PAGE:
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5 technologies that transform a physical retail space


 

The brick and mortar store is still where the majority of retail purchases take place. But there’s no denying that online shopping is steadily helping itself to an increasingly larger share of profits. A Business Insider report in 2018 stated that while online retail sales account for only 5% of total sales, that figure is growing at over 30% per annum. What is clear is the need for a harmonious relationship between the online and offline, and many of the global leaders in the retail space are bringing this to life via the technology they implement in store to make the physical shopping experience almost as seamless as the online one.

 

Online shopping is convenient, but the fact that offline sales still dominate the market tells us that people are still drawn to the sorts of experiences that only a physical store can provide. Shoppers (sometimes) are willing to forgo convenience for the social element, the tactile satisfaction, the instant gratification and the ability to interact with people and spaces that contribute to the overall instore experience. And if the space is unique enough, and if the consumer has a meaningful relationship, they will hopefully share that experience across social media to their followers.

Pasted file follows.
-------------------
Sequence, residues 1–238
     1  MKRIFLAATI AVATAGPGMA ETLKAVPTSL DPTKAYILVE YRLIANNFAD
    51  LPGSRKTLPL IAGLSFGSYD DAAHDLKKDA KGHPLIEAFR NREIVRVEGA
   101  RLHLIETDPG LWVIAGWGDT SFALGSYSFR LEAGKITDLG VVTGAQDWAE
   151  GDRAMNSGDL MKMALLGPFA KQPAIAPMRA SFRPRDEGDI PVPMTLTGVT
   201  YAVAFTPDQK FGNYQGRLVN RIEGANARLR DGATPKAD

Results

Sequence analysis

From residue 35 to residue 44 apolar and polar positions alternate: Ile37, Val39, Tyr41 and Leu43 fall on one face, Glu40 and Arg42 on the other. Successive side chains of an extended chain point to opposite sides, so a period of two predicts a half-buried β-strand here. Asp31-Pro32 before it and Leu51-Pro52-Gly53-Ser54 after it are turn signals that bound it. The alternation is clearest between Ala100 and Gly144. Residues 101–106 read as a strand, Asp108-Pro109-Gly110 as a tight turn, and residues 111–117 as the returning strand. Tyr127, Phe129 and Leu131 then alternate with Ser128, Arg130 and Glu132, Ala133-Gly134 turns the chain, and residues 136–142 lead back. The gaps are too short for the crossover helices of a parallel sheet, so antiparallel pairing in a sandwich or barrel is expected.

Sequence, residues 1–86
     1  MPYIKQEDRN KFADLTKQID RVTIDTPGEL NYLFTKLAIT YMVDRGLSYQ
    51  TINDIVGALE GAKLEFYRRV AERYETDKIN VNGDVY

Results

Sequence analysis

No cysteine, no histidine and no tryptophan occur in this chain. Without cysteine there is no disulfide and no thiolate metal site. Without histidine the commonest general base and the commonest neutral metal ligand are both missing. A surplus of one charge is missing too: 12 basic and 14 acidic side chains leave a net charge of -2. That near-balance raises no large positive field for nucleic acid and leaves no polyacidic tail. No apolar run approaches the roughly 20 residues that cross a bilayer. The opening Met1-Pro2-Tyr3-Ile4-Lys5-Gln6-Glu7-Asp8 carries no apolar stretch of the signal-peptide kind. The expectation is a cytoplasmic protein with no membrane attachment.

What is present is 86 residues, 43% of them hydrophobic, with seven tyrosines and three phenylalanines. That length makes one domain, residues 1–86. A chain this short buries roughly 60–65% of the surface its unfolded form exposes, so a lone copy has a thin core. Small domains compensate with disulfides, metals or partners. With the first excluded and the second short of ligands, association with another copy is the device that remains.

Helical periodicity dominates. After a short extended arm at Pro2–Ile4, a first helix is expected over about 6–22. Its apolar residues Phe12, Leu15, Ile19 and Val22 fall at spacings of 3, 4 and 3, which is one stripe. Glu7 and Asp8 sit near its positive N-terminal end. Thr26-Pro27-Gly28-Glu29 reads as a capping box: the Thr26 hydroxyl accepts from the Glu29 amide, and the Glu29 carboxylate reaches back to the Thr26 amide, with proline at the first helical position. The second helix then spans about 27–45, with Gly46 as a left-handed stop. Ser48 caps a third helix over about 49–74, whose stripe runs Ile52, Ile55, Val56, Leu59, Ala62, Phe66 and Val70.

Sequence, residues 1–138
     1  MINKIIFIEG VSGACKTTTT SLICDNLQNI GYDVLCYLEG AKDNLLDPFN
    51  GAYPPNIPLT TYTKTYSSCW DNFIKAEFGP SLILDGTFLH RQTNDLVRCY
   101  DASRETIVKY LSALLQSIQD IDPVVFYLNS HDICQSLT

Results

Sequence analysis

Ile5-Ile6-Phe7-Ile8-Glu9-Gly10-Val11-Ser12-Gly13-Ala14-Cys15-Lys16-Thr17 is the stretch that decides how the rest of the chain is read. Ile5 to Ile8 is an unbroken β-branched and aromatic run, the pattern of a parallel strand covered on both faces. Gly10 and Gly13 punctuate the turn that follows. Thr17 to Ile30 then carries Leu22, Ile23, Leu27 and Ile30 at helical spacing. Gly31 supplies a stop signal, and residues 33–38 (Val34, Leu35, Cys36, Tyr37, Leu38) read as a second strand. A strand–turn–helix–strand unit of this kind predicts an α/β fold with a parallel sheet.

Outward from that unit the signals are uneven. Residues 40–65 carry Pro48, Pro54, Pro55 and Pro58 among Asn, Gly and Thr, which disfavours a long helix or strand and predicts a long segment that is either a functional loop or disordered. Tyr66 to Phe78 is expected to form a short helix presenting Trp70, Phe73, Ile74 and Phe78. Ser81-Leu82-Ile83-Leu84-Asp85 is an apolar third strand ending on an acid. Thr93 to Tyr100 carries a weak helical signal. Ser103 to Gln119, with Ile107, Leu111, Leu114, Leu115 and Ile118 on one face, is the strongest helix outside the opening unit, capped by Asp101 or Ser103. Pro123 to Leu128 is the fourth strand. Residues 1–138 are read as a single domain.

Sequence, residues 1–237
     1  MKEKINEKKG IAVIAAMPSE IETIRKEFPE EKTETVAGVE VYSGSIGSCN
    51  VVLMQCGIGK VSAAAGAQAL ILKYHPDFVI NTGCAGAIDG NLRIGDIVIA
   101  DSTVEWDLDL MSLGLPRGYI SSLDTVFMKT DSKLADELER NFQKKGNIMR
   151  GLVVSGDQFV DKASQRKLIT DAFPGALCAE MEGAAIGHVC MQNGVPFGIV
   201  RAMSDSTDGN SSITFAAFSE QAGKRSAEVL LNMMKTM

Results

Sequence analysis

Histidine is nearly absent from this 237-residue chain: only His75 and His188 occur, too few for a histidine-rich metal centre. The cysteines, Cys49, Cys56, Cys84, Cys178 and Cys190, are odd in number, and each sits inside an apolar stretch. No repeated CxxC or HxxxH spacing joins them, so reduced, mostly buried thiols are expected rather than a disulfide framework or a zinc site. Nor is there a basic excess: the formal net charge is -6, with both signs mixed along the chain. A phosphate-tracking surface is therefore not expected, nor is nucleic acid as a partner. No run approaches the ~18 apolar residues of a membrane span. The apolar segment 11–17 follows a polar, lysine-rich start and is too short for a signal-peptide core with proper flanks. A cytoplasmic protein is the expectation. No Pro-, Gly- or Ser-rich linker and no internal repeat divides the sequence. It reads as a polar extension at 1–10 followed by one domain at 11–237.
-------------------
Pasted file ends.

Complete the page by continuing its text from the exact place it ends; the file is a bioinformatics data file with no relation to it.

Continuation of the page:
Understanding that brick and mortar stores are far from dead, physical retailers are increasingly looking for ways to merge the online and offline experience and bring together the best of both worlds. More and more technologies, including those that first emerged through e-commerce, are being implemented to enhance the social and experiential elements of instore shopping through relevant, omnichannel experiences that empower consumer choice.



Here are five technologies transforming the way people experience the in-store retail environment, right now.

 

1. Augmented Reality

Unlike the totally immersive simulation that is Virtual Reality, Augmented Reality allows the user to interact with computer-generated content that’s superimposed over the real-world environment. This ability to interact with virtual content within the store lends itself to a whole lot of exciting in-store applications.

 

Research from KMPH highlights the usefulness of AR when it comes to ideas like: